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4405065597_44f5b4a1c6_o_475x356.jpgA growing
population of bicycle riders in Forth Worth needs more racks than these.
(Photo: Fort Worthology)

A tip of the hat goes to our member blog Fort
for being part of the bike parking solution in Fort
Worth, Texas.

Just a few months ago, the city approved an ambitious "Bike
Fort Worth
" bicycle transportation plan, which aims to create
nearly 1,000 miles of bike lanes — up from 100 miles today. Of course,
the growing number of people on bicycles in town means a growing need
for places to park bikes. That’s where yesterday’s Fort Worthology post
picks up. Kevin Buchanan writes:

It’s not every day that we get to report on something we actually
had a hand in, but today is one of those days. Fort Worth South, Inc. wanted
to improve the bike parking situation in the Near Southside as part of
their larger goal of huge bike infrastructure improvements across the
district, and they decided they wanted some outside help. So they called
us and Trinity Bicycles
up and asked if we’d collaborate on a new bike parking improvement plan.
After a lot of discussion, many meetings and several in-the-field work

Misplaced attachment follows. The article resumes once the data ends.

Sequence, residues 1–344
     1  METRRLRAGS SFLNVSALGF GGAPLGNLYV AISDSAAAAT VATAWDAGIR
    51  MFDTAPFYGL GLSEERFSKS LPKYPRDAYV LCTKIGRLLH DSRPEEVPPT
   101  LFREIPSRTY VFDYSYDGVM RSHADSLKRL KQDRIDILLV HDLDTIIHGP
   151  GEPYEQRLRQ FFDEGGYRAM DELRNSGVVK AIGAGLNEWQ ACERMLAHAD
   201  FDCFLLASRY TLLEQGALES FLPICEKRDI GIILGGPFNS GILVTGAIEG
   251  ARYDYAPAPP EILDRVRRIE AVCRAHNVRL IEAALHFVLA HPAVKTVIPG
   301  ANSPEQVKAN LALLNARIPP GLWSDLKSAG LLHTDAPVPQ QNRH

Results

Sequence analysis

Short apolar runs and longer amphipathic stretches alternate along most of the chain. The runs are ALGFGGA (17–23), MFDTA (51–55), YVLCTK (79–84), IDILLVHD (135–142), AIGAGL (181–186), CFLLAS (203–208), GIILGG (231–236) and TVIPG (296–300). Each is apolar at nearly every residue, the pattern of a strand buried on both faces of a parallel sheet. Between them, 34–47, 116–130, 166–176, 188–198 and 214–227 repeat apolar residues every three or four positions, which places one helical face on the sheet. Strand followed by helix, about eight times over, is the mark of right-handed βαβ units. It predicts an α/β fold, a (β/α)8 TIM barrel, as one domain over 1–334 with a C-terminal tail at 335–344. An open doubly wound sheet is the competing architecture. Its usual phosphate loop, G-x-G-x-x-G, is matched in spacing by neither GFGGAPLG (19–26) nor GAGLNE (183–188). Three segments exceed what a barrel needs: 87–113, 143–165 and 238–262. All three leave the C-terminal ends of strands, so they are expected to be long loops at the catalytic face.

sessions identifying parking locations, ideal setups and more, we put
together a comprehensive bike parking plan. Now, we’re happy to report,
Phase One of the plan has been approved by the city and funded by the
Near Southside TIF (Tax Increment Finance district), so we can give some

While we’re still finalizing the number of racks and such, we can
say that this will be a pretty dramatic increase in bike parking, even
in Phase One. At the moment, there are approximately 12 of the
city-installed Texas star “lollipop” racks across the entire district.…
Even in the best of cases, the Texas star racks are less than ideal —
they look more like street art than bike racks, making them not obvious
to riders, and there are simply too few of them and in too few
locations. With the large increases in bike traffic in the Near
Southside in the last year or so, thanks to the Magnolia Avenue bike
lanes, groups like the Night Riders and a continued increase in new
urban residents, the existing bike parking infrastructure was becoming
very inadequate to meet resident and visitor needs.

As mentioned above, we’re still finalizing all the numbers, so we
can’t give a specific number yet, but we’re fairly confident that you
can look forward to dozens of new [simple 'staple'] racks in Phase One. 

Nice work. The bicycle transportation scene in that part of Texas
has a lot of potential.

More from around the network: The
Dead Horse Times
analyzes plans for a Columbia River crossing
between Portland, Oregon, and Vancouver, Washington. Walkable
Dallas-Forth Worth
asks, What is livability? And The
City Fix
kicks off a great new series on "Access for All" with a
post about Rio street dwellers and how their lives are affected by the
lack of good public transit.

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